ASA Activist Newsletter - Dec 2014
In this Issue
- New Bill to Allow VA Doctors to Recommend
- Distribution Plans Move Forward in Minnesota, New Hampshire, Illinois, Massachusetts, New Jersey, Maryland, Rhode Island and Connecticut
- Activist Profile: Patrick Seifert, Olympia, Washington
- ACTION ALERT: Unity 2015
New Bill to Allow VA Doctors to Recommend
Veterans will be able to discuss medical cannabis as a treatment option with their doctors in the Veterans Health Administration (VHA) if a new bipartisan bill is approved in Congress. Currently, federal policy prohibits VHA doctors from discussing medical cannabis with their patients, despite federal court rulings that such discussions are protected by the First Amendment.
At the end of November, Representatives Earl Blumenauer (D-OR) and Dana Rohrabacher (R-CA), along with five Republican and five Democrat House cosponsors, introduced the Veterans Equal Access Act. If adopted, the bill would allow VHA physicians to recommend medical cannabis to their patients.
"Post traumatic stress and traumatic brain injury are just as damaging and harmful as any injuries that are visible from the outside, sometimes even more so because of the devastating effect they can have on a veteran's family, " said Rep. Blumenauer, the bill's author. "We should be allowing these wounded warriors access to the medicine that will help them survive and thrive, including medical marijuana, not treating them like criminals and forcing them into the shadows. It's shameful."
A similar bill came close to passage in the last session of Congress. The cosponsors this session include members from states that have medical cannabis programs and states that do not: Dina Titus (D-NV), Justin Amash (R-MI), Paul Broun (R-GA), Walter Jones (R-NC), Thomas Massie (R-KY), Sam Farr (D-CA), Jared Polis (D-CO), Beto O'Rourke (D-TX), Steve Stockman (R-TX) and Steve Cohen (D-TN).
Many veterans report that cannabis can help with PTSD. Inhaled cannabis reduced PTSD symptoms by an average of 75% in one clinical study whose results were published this spring. A study of using cannabis to help treat PTSD in veterans has been approved by the federal government, pending funding. Medical cannabis has also been shown effective for many patients living with other serious medical conditions that disproportionately affect veterans, including cancer, neurological disorders, multiple sclerosis, and chronic pain.
"Our combat veterans are far more likely to suffer from PTSD and chronic pain than other Americans, and their VHA doctors know better than most how difficult those conditions can be to treat with conventional medications," said Mike Liszewski, ASA Government Affairs Director. "Veterans deserve the same rights and health care options granted other Americans, especially where medical cannabis is concerned."
In 2011, the VHA issued a directive that allows veterans who use medical cannabis as part of an approved state program to remain under VHA pain management care. But the policy also prohibits VHA doctors from providing the recommendations that those state programs require for participation.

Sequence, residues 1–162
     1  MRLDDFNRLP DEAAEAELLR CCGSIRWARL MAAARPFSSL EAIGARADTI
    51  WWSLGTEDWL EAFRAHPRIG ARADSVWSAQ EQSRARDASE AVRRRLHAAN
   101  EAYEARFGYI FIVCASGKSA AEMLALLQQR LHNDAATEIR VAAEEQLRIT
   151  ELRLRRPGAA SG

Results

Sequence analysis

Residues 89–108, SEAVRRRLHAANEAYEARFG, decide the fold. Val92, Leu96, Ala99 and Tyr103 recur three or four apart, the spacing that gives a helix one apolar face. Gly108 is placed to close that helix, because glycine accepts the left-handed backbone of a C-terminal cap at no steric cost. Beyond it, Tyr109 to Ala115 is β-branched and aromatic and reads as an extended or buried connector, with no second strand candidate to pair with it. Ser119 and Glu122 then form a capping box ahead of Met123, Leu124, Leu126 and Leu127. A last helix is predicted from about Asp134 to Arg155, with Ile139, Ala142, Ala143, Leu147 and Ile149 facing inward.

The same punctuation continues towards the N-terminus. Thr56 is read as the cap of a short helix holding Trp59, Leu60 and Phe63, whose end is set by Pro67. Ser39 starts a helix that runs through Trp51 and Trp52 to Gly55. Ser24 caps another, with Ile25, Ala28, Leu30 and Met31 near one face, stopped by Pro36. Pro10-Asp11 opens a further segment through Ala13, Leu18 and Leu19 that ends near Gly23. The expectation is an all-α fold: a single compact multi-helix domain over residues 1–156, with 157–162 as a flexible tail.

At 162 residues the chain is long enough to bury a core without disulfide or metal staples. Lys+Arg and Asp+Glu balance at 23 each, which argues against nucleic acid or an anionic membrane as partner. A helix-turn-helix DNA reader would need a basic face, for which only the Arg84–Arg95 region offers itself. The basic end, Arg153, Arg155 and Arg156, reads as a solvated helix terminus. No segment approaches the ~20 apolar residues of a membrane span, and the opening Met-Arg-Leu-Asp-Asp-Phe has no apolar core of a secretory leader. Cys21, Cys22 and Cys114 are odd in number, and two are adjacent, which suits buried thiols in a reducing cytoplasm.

For many veterans, the VHA system provides all their health care. With more than a million U.S. veterans at risk of homelessness due to poverty, many do not have the ability to pay for private physicians in order to meet their health care needs.
More than half a million veterans who served in Iraq and Afghanistan suffer from PTSD and depression, with those conditions contributing to a suicide rate among veterans of 22 per day. Almost a million veterans suffer from pain that requires opiate narcotics to treat, with more than half of those needing to take those dangerous drugs for more than 90 days. The fatal overdose rate among veterans is nearly double the national average, but states that have enacted medical cannabis programs have seen drops in fatal opiate overdoses of 20-30 percent, as well as decreases in suicide rates of 5 percent.
Veterans Equal Access Act: http://www.safeaccessnow.org/veterans_equal_access_act
Distribution Plans Move Forward Across the Country
States that enacted medical cannabis laws recently -- Minnesota, New Hampshire and Illinois -- are in the licensing phase for businesses that will serve patients, while several with delayed programs – Massachusetts, New Jersey, Maryland and Rhode Island -- are also moving forward to serve patients. Meanwhile, Connecticut officials are considering expanding their program.
Minnesota has announced the two companies selected to produce medical cannabis medicines under the law passed in May that created a restrictive medical cannabis program. The two were selected from a pool of 12 applicants, each of which paid $20,000 to apply. The Minnesota producers will both cultivate medical cannabis and process it into pill or liquid form for distribution to qualified patients. Eight distribution sites are scheduled to be operational by the end of 2015.
Local officials in New Hampshire are considering applicants for medical cannabis business licenses. A proposal for a cultivation facility and dispensary in Epping is before local authorities and, if approved, could open to patients within a year. New Hampshire will license up to four nonprofit medical cannabis facilities.
In Illinois, Chicago's Zoning Board of Appeals last month approved a proposal for the city’s one cultivation center and six of 13 dispensaries that are permitted under the medical-marijuana law passed last year. The centralized cultivation center is expected to produce 4,500 pounds of medical cannabis annually and will manufacture topical and edible medicines. The board rejected one dispensary applicant for having lax security proposals.